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Ph.D. Candidate Hongyan Zhao and Postdoc Researcher Xin Li Published a Paper on Atmospheric Chemistry and Physics


Recently, CESS Ph.D candidate Hongyan Zhao and Postdoc Researcher Xin Li acted as the joint first authors and published a paper on Atmospheric Chemistry and Physics called “Effects of atmospheric transport and trade on air pollution mortality in China”. Professors Qiang Zhang and Associate Professor Steven Davis at the University of California, Irvine, are co-corresponding authors of the paper. 

Global Burden Disease (GBD)have shown that outdoor PM2.5 pollution have been the fourth killer in China, and killed more than one million people per year. Energy and pollution intensive industrial and residential sectors are the main contributors of China’s heavy pollution. However, regions in China differ greatly in climate and economic development, so they bare different premature mortality from atmospheric pollution. Moreover, regions were affected by each other in different ways. On the one hand, emitted pollution can be transported in the atmosphere to long distances across regions; on the other hand, production of goods and associated emissions is transferred from regions consuming to regions producing those goods.

Figure 1 The effect of atmospheric transport (A) and trade (B-D) on each region’s PM-related premature deaths.
In this research, we coupled four physical and epidemiological models, and estimate the premature mortality related to outdoor PM2.5 air pollution in seven regions of China in 2010. We find that 33% (338,600 premature deaths) of China’s PM2.5-related premature mortality in 2010 were caused by pollutants emitted in a different region of the country and transported in the atmosphere, especially from north to south and from east to west. Trade further extended the cross-regional impact; 56% of (568,900 premature deaths) China’s PM2.5-related premature mortality was related to consumption in another region, including 423,800 (42% of total) and 145,100 (14%) premature deaths from domestic consumption and international trade respectively.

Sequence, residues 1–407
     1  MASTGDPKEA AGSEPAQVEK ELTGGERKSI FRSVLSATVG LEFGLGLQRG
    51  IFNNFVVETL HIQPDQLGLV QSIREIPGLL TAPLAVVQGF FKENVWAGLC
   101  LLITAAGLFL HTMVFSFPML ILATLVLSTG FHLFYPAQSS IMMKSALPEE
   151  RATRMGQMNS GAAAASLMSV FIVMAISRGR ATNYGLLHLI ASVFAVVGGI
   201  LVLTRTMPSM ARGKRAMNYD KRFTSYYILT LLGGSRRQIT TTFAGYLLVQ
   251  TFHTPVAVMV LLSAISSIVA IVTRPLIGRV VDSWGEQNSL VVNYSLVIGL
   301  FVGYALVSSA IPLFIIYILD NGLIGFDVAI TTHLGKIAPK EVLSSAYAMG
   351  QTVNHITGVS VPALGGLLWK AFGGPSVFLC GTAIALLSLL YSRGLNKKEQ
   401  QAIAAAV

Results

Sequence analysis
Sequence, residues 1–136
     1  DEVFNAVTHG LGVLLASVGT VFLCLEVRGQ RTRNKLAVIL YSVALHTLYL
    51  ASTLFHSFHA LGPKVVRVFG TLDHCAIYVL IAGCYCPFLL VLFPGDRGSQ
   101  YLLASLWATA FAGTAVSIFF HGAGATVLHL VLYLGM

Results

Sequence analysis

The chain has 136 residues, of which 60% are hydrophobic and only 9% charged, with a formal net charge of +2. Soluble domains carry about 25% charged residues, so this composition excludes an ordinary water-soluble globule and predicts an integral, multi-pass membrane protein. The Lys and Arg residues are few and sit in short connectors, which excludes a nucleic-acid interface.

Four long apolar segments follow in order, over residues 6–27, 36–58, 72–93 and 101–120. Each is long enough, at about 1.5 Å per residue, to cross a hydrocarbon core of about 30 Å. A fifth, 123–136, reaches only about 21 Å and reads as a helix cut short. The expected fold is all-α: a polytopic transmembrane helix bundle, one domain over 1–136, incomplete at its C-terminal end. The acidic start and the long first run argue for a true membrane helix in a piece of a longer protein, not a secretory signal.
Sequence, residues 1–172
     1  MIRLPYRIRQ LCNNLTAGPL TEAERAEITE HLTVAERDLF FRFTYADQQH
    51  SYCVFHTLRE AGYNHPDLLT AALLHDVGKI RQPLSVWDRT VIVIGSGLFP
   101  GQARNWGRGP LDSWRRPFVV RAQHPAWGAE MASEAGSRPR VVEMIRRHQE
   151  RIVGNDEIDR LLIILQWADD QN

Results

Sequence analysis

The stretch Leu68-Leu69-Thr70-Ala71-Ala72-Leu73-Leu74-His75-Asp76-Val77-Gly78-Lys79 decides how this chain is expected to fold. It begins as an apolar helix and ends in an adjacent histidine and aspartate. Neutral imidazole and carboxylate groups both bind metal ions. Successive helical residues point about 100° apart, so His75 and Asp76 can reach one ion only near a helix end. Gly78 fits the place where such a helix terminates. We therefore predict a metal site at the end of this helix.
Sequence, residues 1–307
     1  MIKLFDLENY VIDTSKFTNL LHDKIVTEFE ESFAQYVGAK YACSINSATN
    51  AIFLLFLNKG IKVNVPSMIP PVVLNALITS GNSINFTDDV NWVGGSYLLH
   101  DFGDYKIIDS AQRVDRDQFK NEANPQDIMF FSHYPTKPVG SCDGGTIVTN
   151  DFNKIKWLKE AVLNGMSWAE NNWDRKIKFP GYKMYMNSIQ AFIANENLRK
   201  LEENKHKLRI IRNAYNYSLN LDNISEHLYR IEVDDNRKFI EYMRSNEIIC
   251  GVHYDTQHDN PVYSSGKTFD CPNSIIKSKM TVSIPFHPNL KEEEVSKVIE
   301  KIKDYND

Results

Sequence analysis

This is an important interdisciplinary (economy, environment and health) research, following the paper published by Professors Qiang Zhang on Nature about PM2.5 related premature deaths worldwide embodied in international trade. It for first time shown how the distribution of PM2.5 related premature deaths in China is determined by product trade physical transportation, and reveals how economic activities affect regional pollution. The policy implication of this paper is that, to reduce pollution efficiently and realize sustainable development, we have to upgrade industrial production, especially for the less developed region, thus narrow the gap of economic and technology development among regions. 

Paper link:https://www.atmos-chem-phys.net/17/10367/2017/acp-17-10367-2017.pdf